We explained in the previous article what is the truth about the privacy of the Audit Bureau in the affairs of its employees, and perhaps it is appropriate in this regard that we clarify the legislation regulating the state’s employment affairs because of its importance in understanding this topic.
Law (15) of 1979 defined many terms of reference for the Civil Service Council, including what was stated in Article (5) related to proposing general policies for salaries and wages, as well as Article (19) related to defining the Civil Service Council rules, provisions and conditions for granting some compensation and material and in-kind allowances.
Article (14) also permits the Civil Service Council to determine salaries for some jobs without being restricted to the general salary scale. Article (15) also specifies the competencies of the Civil Service Council to set rules, provisions, and formulas for contracts concluded with employees.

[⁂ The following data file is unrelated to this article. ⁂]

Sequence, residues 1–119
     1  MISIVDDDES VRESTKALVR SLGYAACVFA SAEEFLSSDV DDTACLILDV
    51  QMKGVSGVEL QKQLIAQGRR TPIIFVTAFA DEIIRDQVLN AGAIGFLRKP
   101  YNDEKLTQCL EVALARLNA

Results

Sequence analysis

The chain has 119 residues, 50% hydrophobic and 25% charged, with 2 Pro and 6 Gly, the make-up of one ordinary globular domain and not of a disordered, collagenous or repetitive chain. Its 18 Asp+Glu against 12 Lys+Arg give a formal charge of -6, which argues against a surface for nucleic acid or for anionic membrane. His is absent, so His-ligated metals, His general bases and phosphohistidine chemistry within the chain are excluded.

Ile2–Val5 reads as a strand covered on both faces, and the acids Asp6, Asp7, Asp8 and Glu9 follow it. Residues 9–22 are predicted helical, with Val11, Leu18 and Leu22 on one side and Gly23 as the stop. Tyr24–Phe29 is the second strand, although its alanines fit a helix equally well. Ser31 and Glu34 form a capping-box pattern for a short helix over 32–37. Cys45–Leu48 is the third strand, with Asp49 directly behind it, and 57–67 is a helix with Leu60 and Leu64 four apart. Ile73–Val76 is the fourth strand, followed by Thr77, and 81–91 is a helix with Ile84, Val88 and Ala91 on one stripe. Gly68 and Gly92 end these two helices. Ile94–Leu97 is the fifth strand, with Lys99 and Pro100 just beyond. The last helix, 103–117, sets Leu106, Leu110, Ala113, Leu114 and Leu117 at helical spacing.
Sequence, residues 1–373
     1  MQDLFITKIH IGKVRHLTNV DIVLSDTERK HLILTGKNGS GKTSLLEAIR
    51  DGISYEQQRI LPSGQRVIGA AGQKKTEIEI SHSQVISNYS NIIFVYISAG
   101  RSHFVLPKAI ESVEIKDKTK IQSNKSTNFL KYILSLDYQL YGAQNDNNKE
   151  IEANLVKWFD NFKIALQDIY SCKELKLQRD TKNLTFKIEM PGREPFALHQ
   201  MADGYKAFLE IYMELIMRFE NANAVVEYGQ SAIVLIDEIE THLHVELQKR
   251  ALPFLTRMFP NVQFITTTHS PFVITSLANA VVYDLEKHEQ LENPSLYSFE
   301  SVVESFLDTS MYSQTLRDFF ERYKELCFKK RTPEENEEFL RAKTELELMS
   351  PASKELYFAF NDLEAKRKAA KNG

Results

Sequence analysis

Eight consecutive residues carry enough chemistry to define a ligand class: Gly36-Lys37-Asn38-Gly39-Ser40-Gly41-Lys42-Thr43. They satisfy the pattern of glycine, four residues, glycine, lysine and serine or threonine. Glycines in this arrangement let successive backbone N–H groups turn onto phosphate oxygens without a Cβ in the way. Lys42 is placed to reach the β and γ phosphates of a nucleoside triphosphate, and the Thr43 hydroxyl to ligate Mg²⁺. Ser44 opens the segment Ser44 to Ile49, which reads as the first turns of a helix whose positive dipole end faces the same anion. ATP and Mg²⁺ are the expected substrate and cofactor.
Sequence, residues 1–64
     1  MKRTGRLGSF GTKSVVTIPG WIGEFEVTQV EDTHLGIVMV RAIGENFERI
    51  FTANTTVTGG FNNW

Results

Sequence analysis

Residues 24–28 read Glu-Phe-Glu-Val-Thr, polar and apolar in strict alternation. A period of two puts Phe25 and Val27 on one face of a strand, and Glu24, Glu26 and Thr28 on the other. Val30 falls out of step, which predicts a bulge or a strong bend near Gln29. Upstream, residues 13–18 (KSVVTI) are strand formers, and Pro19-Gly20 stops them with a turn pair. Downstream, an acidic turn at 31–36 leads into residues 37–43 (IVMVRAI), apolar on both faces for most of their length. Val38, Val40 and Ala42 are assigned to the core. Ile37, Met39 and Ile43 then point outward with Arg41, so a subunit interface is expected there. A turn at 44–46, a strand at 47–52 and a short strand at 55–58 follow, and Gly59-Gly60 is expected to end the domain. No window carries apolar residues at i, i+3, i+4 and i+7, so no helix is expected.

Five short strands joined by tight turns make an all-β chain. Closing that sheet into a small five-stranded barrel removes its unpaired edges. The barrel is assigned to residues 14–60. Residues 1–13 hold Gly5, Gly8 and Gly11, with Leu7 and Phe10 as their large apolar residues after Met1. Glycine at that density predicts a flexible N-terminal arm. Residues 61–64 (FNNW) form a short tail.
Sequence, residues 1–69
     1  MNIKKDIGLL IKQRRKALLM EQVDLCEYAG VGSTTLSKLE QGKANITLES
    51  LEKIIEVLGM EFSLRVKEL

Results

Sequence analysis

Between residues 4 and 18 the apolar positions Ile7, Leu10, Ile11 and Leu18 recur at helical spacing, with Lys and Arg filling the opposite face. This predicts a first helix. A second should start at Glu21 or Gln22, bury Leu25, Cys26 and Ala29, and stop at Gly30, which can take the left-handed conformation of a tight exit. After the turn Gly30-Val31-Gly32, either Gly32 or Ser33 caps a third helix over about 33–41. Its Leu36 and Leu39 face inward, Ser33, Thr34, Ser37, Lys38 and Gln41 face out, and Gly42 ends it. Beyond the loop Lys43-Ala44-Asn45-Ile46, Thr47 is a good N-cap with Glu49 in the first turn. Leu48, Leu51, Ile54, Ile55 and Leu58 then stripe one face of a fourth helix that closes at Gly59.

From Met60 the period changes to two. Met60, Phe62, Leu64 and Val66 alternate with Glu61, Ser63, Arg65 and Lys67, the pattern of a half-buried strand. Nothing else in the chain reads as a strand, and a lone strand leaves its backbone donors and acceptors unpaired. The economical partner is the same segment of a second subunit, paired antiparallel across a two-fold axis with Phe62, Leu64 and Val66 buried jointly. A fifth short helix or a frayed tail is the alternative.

It is clear from the foregoing that the competencies of the Civil Service Council differ from those of the Civil Service Bureau as defined by Law No. (15) of 1979, and the Civil Service Bureau does not have any powers related to approving the general policies for salaries related to employment affairs, which was of authority by (employees Bureau Before the issuance of Law (15) of 1979.
And in view of the existence of laws and decrees of establishing government agencies and institutions before released Law (15) of 1979, the law dealt in its articles with transitional provisions to deal with the regulations of employment affairs that had been issued prior to its issuance, including articles (37,38,39).
Emphasizing that the service council has exclusive competence in matters of employment, the Fatwa and Legislation Department issued in 1990 its opinion that the competence of the Civil Service Council in approving and amending the salary systems includes basic salaries, periodic bonuses, additional wages, allowances, and any other material non-cash benefits decided for the employee.